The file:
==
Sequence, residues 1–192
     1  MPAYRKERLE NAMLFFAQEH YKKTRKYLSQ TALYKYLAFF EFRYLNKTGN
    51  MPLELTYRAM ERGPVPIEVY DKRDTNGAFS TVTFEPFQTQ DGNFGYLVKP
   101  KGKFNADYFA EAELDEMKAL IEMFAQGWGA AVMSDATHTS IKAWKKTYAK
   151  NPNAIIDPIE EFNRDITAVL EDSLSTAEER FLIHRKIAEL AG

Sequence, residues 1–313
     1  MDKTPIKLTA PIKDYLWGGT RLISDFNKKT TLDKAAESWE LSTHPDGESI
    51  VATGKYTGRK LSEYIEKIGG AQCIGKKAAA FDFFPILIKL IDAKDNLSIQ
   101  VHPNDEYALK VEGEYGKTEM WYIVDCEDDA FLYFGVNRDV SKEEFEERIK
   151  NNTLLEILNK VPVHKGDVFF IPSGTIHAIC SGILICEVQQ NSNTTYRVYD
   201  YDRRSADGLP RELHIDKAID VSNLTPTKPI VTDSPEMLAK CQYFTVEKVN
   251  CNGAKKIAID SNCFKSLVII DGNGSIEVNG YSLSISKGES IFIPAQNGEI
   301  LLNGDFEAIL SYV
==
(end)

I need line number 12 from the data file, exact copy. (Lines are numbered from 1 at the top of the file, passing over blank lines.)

   251  CNGAKKIAID SNCFKSLVII DGNGSIEVNG YSLSISKGES IFIPAQNGEI